Four Things You Need to Know about Hybrid Cloud Solutions

Hybrid-Cloud-Solutions

When you hear people talking about hybrid cloud solutions, do you completely understand what they are talking about? If not, it is nothing to be ashamed of. It is likely that many of the people around you act like they understand what hybrid cloud is but really don’t.

The term hybrid cloud is applied to so many IT solutions that it is mind-boggling. What is clear about this term is that it wasn’t a term that customers came up with. Instead, is a term created by vendors who work in an environment that loves its own jargon and loves throwing prefixes like ultra, multi, super, or hyper onto the beginning of tech terms to make them sound new and exciting. Let’s take a few minutes and get rid of the hype and try to get to the heart of what hybrid cloud means.

What Is Hybrid Cloud Computing?

If you ask 10 IT professionals that question, you are going to get 10 answers. There is no agreed-upon standard definition of this term. The National Institute for Standards and Technology defines hybrid cloud infrastructure as the composite of two or more distinct cloud infrastructures. These cloud infrastructures remain unique entities. However, they are bound together using standard or proprietary technology. This standard or proprietary technology allows data and application portability.

In normal people speak, hybrid cloud computing means being able to work with a public and a private cloud as one, or at least being able to use management tools seamlessly in each environment. There are a number of examples of hybrid cloud computing.

To make it even more simple, hybrid cloud solutions are where one or more public clouds are connected to something in a business’s data center. We could be talking about a private cloud or a traditional data center.

Examples of Hybrid Cloud Computing

Platform as a Service (PaaS) is an application development platform that has been used by developers to create or write customized applications without needing to provision the base infrastructure that these applications need to run. PaaS software usually has the ability to run on a private host environment, on the customer’s premises, natively in an IaaS public cloud. Infrastructure resources are automatically configured across the aforementioned environments. This makes them a platform for hybrid cloud.

A second example is the hybrid cloud management software. Big-name infrastructure management vendors and startups have created software that lets vendors centrally manage public cloud as well as on-premise infrastructure and applications. From just one console, storage database, virtual machines, and other resources can be spun up or down. It doesn’t matter if they are housed in the company’s data center or if they are in the public cloud.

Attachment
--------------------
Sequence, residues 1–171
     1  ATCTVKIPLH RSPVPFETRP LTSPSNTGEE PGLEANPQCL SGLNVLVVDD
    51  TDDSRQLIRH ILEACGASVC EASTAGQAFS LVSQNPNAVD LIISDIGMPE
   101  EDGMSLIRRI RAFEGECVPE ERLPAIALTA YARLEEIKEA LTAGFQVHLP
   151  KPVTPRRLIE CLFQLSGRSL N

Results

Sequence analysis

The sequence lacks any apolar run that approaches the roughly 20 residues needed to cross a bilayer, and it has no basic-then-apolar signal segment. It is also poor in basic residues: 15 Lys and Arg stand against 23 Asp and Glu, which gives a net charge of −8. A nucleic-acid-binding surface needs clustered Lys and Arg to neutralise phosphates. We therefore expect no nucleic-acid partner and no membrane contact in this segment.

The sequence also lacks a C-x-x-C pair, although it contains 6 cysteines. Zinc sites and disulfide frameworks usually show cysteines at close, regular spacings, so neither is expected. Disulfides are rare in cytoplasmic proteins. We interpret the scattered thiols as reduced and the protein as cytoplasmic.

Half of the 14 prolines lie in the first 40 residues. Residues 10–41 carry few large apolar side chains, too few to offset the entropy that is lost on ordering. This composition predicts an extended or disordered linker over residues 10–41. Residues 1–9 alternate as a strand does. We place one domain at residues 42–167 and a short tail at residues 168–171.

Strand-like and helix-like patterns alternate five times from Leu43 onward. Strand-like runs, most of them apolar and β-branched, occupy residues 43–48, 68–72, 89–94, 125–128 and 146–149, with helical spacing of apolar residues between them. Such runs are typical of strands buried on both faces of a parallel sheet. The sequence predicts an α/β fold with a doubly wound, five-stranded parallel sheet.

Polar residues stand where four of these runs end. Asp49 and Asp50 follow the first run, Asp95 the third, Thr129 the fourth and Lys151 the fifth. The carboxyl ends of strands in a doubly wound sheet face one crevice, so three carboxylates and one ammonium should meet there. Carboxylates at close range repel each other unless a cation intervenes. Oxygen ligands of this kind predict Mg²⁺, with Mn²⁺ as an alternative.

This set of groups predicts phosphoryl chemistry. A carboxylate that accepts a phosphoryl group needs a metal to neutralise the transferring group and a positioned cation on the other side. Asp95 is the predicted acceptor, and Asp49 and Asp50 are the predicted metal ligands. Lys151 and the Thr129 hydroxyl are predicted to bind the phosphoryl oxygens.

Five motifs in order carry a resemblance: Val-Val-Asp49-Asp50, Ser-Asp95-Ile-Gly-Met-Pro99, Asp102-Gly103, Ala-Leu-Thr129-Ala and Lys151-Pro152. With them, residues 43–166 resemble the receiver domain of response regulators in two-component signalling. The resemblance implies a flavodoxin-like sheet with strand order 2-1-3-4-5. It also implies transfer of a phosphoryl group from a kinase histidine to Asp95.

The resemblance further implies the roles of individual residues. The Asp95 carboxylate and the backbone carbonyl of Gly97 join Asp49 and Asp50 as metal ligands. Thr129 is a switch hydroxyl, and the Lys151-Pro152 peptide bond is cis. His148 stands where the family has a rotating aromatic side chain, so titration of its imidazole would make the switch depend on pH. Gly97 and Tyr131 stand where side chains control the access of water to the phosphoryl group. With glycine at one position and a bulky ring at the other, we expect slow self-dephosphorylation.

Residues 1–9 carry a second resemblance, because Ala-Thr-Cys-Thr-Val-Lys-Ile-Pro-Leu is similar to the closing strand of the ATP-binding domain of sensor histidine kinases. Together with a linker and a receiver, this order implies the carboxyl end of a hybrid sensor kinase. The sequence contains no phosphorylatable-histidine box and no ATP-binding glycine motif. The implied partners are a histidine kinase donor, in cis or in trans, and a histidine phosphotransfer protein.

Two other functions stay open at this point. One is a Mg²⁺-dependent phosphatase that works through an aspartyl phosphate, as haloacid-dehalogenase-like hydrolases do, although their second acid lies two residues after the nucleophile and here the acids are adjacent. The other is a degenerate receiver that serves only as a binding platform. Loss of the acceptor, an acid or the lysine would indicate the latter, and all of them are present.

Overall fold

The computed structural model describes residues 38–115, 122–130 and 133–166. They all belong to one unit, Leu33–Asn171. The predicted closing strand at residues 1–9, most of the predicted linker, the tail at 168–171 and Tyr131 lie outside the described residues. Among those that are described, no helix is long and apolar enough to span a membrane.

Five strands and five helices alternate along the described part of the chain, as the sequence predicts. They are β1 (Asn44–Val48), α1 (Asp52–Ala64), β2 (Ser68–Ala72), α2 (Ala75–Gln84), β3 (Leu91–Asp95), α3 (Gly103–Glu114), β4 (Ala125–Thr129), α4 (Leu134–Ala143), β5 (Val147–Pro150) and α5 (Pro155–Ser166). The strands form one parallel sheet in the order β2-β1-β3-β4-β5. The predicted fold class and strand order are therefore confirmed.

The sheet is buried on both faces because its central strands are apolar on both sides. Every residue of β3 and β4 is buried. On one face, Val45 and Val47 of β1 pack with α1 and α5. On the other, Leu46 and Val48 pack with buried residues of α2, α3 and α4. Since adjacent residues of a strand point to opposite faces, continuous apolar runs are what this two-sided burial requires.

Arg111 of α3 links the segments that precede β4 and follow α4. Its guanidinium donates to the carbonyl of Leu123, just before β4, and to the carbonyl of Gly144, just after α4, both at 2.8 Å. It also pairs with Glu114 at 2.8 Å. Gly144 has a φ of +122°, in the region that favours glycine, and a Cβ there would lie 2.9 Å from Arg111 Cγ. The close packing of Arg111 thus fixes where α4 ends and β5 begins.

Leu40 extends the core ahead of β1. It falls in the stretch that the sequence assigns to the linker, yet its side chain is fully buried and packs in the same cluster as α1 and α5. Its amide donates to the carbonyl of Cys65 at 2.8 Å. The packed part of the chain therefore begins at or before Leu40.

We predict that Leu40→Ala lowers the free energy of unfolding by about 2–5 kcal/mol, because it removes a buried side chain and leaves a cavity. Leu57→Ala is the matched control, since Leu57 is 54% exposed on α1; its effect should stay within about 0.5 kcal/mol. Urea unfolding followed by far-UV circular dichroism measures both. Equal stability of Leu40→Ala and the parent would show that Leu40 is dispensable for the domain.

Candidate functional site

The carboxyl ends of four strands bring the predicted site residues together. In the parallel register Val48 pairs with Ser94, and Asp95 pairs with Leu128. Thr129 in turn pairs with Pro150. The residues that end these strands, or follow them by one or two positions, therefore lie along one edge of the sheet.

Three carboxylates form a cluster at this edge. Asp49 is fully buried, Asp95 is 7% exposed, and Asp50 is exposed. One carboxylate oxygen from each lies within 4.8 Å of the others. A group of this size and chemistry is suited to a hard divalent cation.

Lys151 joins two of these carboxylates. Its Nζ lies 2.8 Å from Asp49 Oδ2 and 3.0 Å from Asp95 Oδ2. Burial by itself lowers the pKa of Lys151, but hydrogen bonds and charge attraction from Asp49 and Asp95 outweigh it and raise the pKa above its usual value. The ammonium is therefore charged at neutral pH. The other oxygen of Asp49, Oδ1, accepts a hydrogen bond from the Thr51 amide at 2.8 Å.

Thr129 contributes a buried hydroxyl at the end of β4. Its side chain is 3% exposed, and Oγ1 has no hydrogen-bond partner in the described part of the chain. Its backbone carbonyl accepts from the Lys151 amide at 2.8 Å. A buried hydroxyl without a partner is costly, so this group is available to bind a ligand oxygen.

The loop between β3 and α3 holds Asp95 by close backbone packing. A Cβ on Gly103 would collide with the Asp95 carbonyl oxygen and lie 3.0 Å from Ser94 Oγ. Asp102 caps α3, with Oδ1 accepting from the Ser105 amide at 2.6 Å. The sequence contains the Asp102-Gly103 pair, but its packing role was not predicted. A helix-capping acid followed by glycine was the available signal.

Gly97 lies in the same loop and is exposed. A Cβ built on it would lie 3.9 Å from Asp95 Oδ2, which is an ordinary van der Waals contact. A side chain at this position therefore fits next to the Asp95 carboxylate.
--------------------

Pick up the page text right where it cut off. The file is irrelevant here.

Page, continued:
Hybrid Cloud Benefits

The purpose of a hybrid cloud is to present the best of private and public clouds. There are two outstanding benefits to the intermixing of private and public clouds.

The first benefit is scalability or flexibility. Managing an in-house IT infrastructure is expensive. If you want to add capacity, you need to plan in advance and be willing to shell out some big bucks. However, “cloud bursting” means that you are able to temporarily use the resources of the public cloud when your business demands outpace the resources that you have on the private cloud. For example, your business may have a short term event that leads to a spike in storage needs. The public cloud will absorb that increased demand. Using a hybrid cloud solution gives your business the flexibility to react to planned and unplanned changes in IT loads. The other option would be to heavily invest in on-premise resources.

The second outstanding benefit is cost savings. Your business has access to IT resources without creating capital expense or increasing labor costs. The IT professionals at your enterprise can work in determining the best service provider, the best configuration, and the best location for each service. Once determined, public cloud resources can be easily scaled, reduced, or redeployed as the need for change arises. The entire process is more efficient and minimizes the need for unnecessary expenses.

When Hybrid Is Not the Best Fit

There are circumstances where the hybrid cloud is not the best solution. Small organizations that have a restricted IT budget may work better if they have a public cloud solution. Setting up and maintaining private servers is expensive.

Some applications that require the highest possible speed may not work well with hybrid cloud, depending on the cloud implementation. It is best for you to have a good understanding of your enterprise’s workloads and other characteristics when determining if cloud hybrid is right for you.

Is the cloud something that you are currently embracing? Do you have doubts about it or prefer to stick with something that you already know? Let us know in the comments section below.